[I]f the release is permanent, that is for the remaining term of the contract, and the replacement shipper offers to pay the maximum rates, it would be unreasonable for El Paso to refuse to relieve the releasing shipper from the service agreement to reflect the release. On the other hand, it would be reasonable for the pipeline to refuse to release the shipper from its continued liability when the replacement shipper has not agreed to pay the maximum rate. In any event, the pipeline’s discretion must be exercised in a non-discriminatory manner.
61 FERC at ¶ 62,312.
After El Paso, shippers attempted to hold FERC true to its hypothetical scenarios and argued that whenever there is a permanent capacity release at maximum rates, the releasing shipper must be released from the firm TSA. FERC, however, has consistently declined to adopt such a narrow interpretation.
For example, in Texas Eastern Transmission Corp., 83 FERC ¶ 61,092, ¶ 61,446 (Apr. 29, 1998), the replacement shipper offered to pay maximum rates for the remaining term of the firm TSA. Yet this was not the end of the analysis. “[T]o conclude that a [pipeline] must, in all cases, relieve a releasing shipper of liability when the replacement shipper had agreed to pay the maximum rate for the remaining term of the contract would be to read the Commission’s policy too narrowly.” FERC considered evidence that the replacement shipper posed a risk of default. Given the risk of default, FERC found that the pipeline “would not expect to receive the same revenue subsequent to the release, and therefore, would have a reasonable basis to refuse to relieve the releasing shipper of liability.” It is therefore reasonable for the pipeline to refuse to release the releasing shipper of liability when there is a concern that the replacement shipper might default on its contract, regardless of whether the replacement shipper agrees to pay the maximum rates.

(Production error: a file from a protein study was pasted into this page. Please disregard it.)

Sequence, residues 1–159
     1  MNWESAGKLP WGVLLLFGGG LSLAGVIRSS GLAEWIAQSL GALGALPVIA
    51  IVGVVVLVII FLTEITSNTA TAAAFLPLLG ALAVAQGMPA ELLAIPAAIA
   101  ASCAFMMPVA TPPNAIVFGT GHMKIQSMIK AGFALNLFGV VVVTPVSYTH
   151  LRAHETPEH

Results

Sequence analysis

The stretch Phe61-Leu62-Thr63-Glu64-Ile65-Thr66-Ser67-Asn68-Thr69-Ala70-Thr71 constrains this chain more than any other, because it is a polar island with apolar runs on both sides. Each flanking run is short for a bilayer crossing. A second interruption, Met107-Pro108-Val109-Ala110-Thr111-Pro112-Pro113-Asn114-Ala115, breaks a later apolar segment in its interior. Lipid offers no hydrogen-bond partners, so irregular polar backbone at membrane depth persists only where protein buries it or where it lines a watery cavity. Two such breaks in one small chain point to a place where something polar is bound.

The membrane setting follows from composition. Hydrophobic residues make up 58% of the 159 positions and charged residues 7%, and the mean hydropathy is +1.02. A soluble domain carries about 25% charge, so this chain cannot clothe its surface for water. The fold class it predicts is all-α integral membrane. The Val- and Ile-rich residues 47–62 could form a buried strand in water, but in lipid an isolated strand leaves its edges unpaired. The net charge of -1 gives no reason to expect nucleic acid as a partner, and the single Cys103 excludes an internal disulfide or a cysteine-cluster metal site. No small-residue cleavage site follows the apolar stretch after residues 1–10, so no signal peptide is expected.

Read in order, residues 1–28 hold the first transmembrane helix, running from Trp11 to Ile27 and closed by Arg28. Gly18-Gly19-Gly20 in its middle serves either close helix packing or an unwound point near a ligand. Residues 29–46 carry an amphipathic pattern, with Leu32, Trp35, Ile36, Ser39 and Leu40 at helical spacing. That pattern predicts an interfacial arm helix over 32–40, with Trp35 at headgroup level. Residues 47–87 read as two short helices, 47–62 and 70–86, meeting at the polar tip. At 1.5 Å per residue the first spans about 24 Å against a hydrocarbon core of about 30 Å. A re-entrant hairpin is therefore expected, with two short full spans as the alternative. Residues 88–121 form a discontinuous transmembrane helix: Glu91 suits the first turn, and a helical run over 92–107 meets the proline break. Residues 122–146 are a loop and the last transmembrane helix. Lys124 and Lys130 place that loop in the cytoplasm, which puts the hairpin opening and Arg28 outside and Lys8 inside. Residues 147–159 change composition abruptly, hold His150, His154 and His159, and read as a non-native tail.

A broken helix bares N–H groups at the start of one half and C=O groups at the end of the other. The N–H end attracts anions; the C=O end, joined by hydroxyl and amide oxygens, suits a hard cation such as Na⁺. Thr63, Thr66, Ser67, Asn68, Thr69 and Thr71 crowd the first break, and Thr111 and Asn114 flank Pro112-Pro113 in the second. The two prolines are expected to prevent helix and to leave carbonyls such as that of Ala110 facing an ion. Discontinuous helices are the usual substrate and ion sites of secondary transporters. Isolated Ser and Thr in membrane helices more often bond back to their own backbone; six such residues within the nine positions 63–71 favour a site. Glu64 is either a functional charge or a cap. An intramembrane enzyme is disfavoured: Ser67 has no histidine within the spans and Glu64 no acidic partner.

Similarly, in Northwest Pipeline, FERC repeated its policy of evaluating all the circumstances in determining whether a pipeline’s refusal to release a shipper from liability is reasonable. The pipeline proposed a revision to its capacity-release tariff mechanism, which provided: “Transporter may refuse to allow a permanent release if it has a reasonable basis to conclude that it will not be financially indifferent to the release.” 111 FERC at ¶ 62,049. In approving the revised tariff, FERC rejected protests that the proposed language was overly broad and lacked “objective parameters.” FERC emphasized that its “reasonableness” policy requires a consideration of all relevant factors:
“all factors, such as the financial indifference of the pipeline, on a reasonable basis is a necessary and proper manner in which to evaluate whether the pipeline must relieve the releasing shipper from liability.” Moreover, the Commission intended that the pipeline have flexibility in this regard and not every extenuating circumstance or condition that would define a “reasonable basis” to refuse to relieve the releasing shipper from liability needs to be set out in a pipeline’s tariff.
Id. (emphasis added) (footnotes omitted) (citations omitted) (quoting Texas E., 83 FERC at ¶¶ 61,448, 61,449).